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The British poets Wilfred Owen, Ivor Gurney, and Siegfried Sassoon found themselves psychologically altered by what they experienced in the First World War. Owen was hospitalized in April 1917 for "shell shock" in Scotland, where he met Siegfried Sassoon in June of that year, hospitalized for the same affliction. Ivor Gurney found the war, ironically, to have been a place of relative stability within an otherwise tormented life; When he was wounded during the war's final year, his doctors observed signs of mental illness, which evolved into incapacitating psychosis by 1922. For each of these men--all poets before the war--poetry served as a way to inscribe continuity into their lives, enabling them to retaliate against the war's propensity to render the lives of the participants discontinuous. Poetry allowed them to return to the war through memory and imagination, and poetry helped them to bring themselves back from psychological breakdown to a state of stability, based upon a relationship to the war that their literary war enabled them to create and discover. This work investigates the ways in which the poetry of war functioned as a means for these three men to express the inexpressible and to extract value out of the experience of war. Bibliography and index are also included. Instructors considering this book for use in a course may request an examination copy here.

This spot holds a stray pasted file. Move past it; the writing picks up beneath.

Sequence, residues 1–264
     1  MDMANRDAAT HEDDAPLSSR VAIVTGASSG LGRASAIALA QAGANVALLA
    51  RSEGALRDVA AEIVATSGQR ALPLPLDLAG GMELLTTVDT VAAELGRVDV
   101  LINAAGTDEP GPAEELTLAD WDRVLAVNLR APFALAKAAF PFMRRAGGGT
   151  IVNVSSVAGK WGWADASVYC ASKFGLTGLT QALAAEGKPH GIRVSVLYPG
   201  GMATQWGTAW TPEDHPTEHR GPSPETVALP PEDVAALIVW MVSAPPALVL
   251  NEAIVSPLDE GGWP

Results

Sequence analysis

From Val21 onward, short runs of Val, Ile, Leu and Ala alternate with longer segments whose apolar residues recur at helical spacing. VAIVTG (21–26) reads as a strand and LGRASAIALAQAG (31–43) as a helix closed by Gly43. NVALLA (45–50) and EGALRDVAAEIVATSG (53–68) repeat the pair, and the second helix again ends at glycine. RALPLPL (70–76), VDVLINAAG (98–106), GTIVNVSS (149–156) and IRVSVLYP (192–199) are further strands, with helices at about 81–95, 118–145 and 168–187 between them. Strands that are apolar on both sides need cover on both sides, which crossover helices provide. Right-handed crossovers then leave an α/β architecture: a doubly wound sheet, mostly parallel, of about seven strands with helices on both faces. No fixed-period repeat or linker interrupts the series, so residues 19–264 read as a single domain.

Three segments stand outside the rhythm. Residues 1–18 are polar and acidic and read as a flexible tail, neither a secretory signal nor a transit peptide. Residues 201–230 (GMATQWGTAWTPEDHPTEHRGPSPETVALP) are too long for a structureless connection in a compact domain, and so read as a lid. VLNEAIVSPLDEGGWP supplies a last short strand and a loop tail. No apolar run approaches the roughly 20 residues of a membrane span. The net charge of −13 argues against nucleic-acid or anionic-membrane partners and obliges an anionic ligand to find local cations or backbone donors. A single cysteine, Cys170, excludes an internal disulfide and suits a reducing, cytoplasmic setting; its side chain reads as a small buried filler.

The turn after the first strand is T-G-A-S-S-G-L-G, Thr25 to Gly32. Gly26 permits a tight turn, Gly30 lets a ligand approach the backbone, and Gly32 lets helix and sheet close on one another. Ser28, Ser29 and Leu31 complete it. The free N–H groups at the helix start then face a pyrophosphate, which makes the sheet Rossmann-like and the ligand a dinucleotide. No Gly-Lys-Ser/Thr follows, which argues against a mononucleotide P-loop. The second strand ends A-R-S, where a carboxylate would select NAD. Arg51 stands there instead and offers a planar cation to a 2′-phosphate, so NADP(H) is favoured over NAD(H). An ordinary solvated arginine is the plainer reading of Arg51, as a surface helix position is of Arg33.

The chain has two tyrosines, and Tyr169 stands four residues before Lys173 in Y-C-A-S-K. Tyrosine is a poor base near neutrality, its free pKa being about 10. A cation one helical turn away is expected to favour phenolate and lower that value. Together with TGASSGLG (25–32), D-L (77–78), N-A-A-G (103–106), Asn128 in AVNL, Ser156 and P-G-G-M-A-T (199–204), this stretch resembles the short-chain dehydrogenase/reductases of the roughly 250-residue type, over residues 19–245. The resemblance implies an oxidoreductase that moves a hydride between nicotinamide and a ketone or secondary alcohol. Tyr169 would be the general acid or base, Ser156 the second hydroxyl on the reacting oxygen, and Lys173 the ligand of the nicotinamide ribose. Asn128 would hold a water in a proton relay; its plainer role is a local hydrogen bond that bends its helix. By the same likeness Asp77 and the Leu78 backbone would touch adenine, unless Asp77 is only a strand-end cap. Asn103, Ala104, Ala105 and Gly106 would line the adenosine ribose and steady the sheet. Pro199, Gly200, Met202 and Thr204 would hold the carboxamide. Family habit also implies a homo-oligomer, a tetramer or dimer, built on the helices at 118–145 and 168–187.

|Publisher:||McFarland & Company, Incorporated Publishers|
|Product dimensions:||6.00(w) x 9.00(h) x 0.44(d)|
About the Author
Table of Contents
1. Shell Shock in World War I 15
2. "By degrees / Regained cool peaceful air in wonder": Wilfred Owen, Shell Shock, and Poetic Identity 44
3. "Strange hells within the minds war made": Ivor Gurney and the Poetic Reconstitution of Identity 108
4. "Are they not still your brothers through our blood?" Siegfried Sassoon, Shell Shock, and Living through the Dead 150
EPILOGUE: War and Modern Poetry 191
Chapter Notes 199